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Lightning Kills Boy Scout, Injures 3 Others on Utah Mountain

From Associated Press

A bolt of lightning killed a 15-year-old Boy Scout and injured three others while they slept in a log shelter during a violent storm.

“There was a big flash and a big boom,” said Dr. Stephen Morris, a trauma surgeon at the University of Utah’s burn unit who was with the troop. “Somebody came running down the trails saying, ‘Help! We need help!’ ”

For the record:

12:00 AM, Aug. 11, 2005 For The Record
Los Angeles Times Thursday August 11, 2005 Home Edition Main News Part A Page 2 News Desk 2 inches; 96 words Type of Material: Correction
Lightning death -- An article in Section A on Aug. 4 about the lightning death of a Boy Scout in Utah said the Mormon Church advanced Scouts more quickly so they could prepare for a proselytizing mission. In fact, Boy Scouts in troops sponsored by the church in Utah tend to advance more quickly because the church puts a priority on Scouting as a youth activity, said spokesmen for the church and the Great Salt Lake Council of the Boy Scouts of America. The Scout advancement is not so they can prepare for a church mission.

Morris said he tried in vain for 90 minutes to revive the boy, who had no heartbeat and wasn’t breathing after the strike Tuesday night.

The family of the victim, Paul Ostler, released a statement thanking leaders and doctors at the Scout camp “who tried so valiantly to save Paul’s life.”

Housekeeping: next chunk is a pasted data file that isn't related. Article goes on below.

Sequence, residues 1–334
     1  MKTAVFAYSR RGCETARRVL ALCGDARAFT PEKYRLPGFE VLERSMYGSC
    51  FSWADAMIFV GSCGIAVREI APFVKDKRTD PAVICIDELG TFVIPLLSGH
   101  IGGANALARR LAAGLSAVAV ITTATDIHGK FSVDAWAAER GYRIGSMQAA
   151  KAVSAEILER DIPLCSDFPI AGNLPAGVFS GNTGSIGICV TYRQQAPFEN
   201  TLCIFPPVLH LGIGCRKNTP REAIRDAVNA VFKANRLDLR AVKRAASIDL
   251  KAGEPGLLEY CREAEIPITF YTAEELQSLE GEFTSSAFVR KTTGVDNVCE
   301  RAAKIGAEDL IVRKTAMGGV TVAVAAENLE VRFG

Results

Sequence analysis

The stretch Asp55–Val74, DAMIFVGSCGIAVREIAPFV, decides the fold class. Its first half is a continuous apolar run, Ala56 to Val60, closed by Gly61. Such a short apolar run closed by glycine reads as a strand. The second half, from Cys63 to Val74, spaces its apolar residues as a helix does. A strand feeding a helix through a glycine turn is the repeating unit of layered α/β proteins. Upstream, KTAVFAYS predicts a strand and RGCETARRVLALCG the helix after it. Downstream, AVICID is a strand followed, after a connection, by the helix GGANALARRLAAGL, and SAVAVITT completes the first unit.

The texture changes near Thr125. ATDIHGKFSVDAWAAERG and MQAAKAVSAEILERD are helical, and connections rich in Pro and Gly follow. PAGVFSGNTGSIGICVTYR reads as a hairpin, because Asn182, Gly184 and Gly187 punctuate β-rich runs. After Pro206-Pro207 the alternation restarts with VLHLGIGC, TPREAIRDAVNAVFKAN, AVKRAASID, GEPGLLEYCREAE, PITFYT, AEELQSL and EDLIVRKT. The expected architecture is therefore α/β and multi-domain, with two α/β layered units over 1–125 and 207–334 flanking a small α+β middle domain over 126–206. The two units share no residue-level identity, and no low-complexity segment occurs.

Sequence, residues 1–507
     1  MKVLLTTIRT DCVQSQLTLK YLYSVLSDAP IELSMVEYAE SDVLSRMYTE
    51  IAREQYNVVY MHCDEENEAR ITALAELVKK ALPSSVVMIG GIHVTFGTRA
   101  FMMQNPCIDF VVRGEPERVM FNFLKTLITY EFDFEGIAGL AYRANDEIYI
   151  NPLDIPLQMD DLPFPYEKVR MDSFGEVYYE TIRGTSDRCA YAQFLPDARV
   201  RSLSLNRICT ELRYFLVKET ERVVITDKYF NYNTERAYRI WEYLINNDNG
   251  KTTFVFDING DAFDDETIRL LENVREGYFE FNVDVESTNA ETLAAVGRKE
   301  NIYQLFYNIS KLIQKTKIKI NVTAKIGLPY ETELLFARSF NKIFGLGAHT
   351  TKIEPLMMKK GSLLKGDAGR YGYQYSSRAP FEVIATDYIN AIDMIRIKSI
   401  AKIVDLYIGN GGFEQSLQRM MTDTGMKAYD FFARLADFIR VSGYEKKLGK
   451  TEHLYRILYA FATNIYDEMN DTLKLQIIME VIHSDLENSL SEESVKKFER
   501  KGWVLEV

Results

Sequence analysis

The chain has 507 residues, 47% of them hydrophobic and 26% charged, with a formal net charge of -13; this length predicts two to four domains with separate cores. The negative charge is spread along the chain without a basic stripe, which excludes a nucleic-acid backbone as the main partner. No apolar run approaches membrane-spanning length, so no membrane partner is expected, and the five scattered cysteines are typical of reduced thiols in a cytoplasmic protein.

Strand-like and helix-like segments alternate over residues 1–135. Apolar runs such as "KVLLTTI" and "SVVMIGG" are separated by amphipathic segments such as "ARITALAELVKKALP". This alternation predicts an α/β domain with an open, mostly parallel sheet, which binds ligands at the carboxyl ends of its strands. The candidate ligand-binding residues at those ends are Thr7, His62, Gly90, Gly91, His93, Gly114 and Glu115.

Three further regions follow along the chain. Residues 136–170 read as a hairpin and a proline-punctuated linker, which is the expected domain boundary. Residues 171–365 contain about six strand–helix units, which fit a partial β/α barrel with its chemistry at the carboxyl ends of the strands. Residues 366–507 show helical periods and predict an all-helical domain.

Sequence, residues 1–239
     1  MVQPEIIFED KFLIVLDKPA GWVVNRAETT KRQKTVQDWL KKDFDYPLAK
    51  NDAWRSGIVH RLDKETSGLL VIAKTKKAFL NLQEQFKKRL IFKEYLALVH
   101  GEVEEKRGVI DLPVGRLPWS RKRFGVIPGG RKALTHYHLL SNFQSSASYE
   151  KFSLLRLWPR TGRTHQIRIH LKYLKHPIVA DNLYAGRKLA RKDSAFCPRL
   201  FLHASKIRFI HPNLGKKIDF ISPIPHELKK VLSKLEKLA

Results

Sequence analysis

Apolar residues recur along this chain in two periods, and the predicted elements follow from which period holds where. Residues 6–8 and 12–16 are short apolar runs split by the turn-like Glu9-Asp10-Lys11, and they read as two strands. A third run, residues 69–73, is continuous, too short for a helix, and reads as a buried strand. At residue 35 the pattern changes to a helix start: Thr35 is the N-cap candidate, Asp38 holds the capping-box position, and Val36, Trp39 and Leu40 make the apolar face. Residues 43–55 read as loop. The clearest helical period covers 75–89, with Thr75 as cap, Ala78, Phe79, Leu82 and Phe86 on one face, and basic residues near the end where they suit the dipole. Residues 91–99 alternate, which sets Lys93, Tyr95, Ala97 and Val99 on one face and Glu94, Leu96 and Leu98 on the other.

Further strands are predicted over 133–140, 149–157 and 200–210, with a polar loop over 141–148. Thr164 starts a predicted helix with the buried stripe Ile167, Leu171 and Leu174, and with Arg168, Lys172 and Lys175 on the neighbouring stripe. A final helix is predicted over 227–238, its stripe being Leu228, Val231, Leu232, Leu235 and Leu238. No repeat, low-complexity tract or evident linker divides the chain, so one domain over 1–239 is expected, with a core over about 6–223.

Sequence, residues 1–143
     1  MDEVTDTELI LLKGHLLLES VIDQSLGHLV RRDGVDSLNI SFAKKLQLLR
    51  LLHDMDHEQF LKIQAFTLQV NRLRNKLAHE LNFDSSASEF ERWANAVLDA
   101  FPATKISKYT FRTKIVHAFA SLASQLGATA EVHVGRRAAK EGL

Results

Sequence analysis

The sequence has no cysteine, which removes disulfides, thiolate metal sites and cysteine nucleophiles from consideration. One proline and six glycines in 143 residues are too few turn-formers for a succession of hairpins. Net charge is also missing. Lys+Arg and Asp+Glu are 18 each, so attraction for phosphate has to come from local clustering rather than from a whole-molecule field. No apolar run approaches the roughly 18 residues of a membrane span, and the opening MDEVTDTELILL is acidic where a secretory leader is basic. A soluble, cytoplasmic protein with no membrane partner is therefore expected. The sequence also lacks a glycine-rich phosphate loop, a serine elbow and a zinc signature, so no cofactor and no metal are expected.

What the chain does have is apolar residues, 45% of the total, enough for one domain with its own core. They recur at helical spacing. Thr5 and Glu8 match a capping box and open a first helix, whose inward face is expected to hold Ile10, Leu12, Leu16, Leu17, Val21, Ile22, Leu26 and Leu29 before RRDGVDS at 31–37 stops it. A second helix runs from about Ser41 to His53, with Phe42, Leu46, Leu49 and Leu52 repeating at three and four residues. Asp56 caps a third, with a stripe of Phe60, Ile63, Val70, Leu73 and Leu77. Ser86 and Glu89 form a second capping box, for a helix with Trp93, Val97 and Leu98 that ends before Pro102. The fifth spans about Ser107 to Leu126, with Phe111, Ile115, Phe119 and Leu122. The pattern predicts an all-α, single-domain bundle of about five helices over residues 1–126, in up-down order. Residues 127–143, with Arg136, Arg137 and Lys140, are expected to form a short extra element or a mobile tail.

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“I just sat on the bed and cried. I couldn’t go to sleep. I was just sitting there thinking ‘this poor guy,’ ” Morris told Salt Lake television station KUTV.

Two of the injured boys were flown to the University of Utah burn unit. One 13-year-old boy was in good condition, and the family of another boy asked that no information be released by the hospital. The third boy, also 13, was released Wednesday after being treated for minor burns, said his father, Doug Edwards.

The accident marked the second deadly lightning strike to hit a Boy Scout camp in the last week. On July 28, an assistant Scoutmaster and a 13-year-old Scout were killed by a lightning strike in California’s Sequoia National Park.

Four Scout leaders at the National Boy Scout Jamboree in Virginia were electrocuted July 25 in front of several Scouts after they lost control of a metal pole at the center of a large dining tent, sending it toppling into nearby power lines.

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During the Utah strike, all four boys were bedding down in a corner of the cabin during the storm, said Edwards, a troop leader.

“From what we can tell, it appears the lightning hit a tree next to us, came down and came out of the tree and just into some nails that were driven into the cabin to hold the logs together,” Edwards said.

Two other boys and another Scout leader in the log structure were not injured, Edwards said. All six boys belonged to the same troop.

Camp Steiner in the Uinta Mountains, about 60 miles east of Salt Lake City, is the highest Boy Scout camp in the country at 10,400 feet. It is a magnet for thunderstorms on summer afternoons.

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The victim’s parents, Brent and Teresa Ostler of Salt Lake City, said Paul was an Eagle Scout, the highest rank in Scouting, which is usually attained at an older age. In Utah, the Mormon Church advances Scouts more quickly so they can prepare for a proselytizing mission.


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